Tuberculosis in Cattle, Goats, and Sheep

tuberculosis in goats

If you are raising any type of animal for dairy, it’s a good idea to know their tuberculosis status. TB is a zoonotic disease, which means animals can transmit it to humans.

Although most states are TB-free, the disease does still pop up sometimes in random slaughterhouse testing or in routine herd testing, mostly in cattle, and it is spreading. When I got my first goats in 2002, only Texas and Michigan had reported cases of TB, and that was the case for many years.  In the past year, TB has been found in cattle in Texas, New Mexico, South Dakota, Michigan, and Indiana. (Note that when you click on that link, the first page is the brucellosis report. Page down for the TB map.)

There is a skin test for TB in cattle, which has been used in sheep and goats because they don’t have their own validated test. The rate of false positives (negative animals testing positive) in cattle is 2%, but no one knows what the corresponding rate is in sheep and goats because so few of them have been officially tested, according to Charles Gaiser, DVM, MPH, ACVPM of the USDA, who spoke at the American Dairy Goat Association Conference last month.

If you live in a state that is certified TB-free and all of your animals originated in certified TB-free states, odds are good that your animals don’t have the disease. Because the incidence of the disease is so low, most people who live in TB-free states don’t test.

Why test cattle, goats, and sheep for TB?

  • If you sell livestock that will be shipped to other states, some receiving states may require TB testing, regardless of your state’s status. Some require only individual tests for the animals being shipped, although some may require a whole-herd negative test. For example, when I purchased goats from a herd in Michigan in 2002, the state of Illinois where I live, required a whole herd test within the past year, as well as current testing of the animals being imported into Illinois. Michigan had a known problem with TB, and Illinois was (and still is) TB free.
  • TB testing may be required for showing in some states.
  • If you live in a state where wild deer and elk have been found to have TB, such as Michigan, they could bring it onto your farm and infect your animals.
  • The FDA’s Pasturized Milk Ordinance specifically requires TB testing of dairy herds that sell milk.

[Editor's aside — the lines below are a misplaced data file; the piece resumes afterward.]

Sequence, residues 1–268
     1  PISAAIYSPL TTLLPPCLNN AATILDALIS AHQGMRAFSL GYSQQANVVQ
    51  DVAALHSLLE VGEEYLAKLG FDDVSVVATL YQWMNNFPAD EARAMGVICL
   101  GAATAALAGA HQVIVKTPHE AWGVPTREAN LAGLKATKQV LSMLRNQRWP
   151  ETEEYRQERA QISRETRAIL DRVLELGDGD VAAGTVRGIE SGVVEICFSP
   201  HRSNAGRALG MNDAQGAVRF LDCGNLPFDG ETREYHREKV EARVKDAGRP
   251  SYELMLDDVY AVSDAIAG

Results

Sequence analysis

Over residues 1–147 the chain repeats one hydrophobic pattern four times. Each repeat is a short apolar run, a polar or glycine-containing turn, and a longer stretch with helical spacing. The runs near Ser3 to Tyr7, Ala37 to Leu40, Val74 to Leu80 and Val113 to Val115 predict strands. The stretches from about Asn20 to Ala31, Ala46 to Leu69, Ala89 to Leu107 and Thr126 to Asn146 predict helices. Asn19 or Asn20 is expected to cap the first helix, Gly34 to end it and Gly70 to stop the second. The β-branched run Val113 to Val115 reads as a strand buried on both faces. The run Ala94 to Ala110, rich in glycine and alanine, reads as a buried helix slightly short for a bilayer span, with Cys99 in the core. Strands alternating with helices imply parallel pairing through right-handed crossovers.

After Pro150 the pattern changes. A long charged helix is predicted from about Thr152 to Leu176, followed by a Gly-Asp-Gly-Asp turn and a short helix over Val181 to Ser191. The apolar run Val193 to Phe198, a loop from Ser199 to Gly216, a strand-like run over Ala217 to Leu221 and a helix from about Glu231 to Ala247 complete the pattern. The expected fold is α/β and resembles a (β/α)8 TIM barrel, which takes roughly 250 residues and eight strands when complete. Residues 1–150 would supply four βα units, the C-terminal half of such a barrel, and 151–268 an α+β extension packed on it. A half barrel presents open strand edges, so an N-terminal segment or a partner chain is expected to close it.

• You may want to have your animals tested if they were purchased at a sale barn or have an unknown health history, especially if you live in a state with known cases of TB.

The USDA has a website where they post monthly reports, so you can stay up-to-date on the TB status of your state.

Learn more on Beginner’s Guide to Raising Goats which includes links to some of Thrifty Homesteader’s most useful goat posts.

tuberculosis in cattle, goats, and sheep

6 thoughts on “Tuberculosis in Cattle, Goats, and Sheep”

    • If your goats came from within Illinois (or another TB-free state) and you trust that the person who sold them to you did proper testing when purchasing from out of state, then it’s not really necessary. For example, we bought goats from Michigan back in 2002-05 when they still had TB in the wild deer population, so all goats I bought from there were tested for TB before the purchase because we knew we were going to be consuming the milk raw. Also, if your goats were purchased from a farm where they milked the goats and drank it raw, that’s another pretty good indication that they’re TB free. I never say anything is impossible, and at the end of the day, you have to do what helps you sleep at night, but the odds of a goat having TB in a TB-free state are pretty slim.

  1. So is it safe to use the milk from untested goats if you pasteurise it? I was innoculated for TB as a child (have the big hole in my arm to remember it by) Is goat TB the same as human TB?

    • Yes and yes. The risk of contracting TB from cows is exactly one of the big reasons milk is pasteurized.

  2. If you have an unknown TB status, do you need to care for them using PPE? Also from the looks of the other comments, if you pasteurize the milk it kills the TB?

    • Pasteurization does kill TB in milk. It is one of the reasons that they started to pasteurize all milk commercially. Almost all states are certified TB free, so although your animals may not have been tested, I wouldn’t really say they have unknown status unless you bought them from a source that was not reputable and perhaps brought them in from a TB+ state without testing. Since TB is so rare now, I have not seen recommendations for handling animals that do have the disease.


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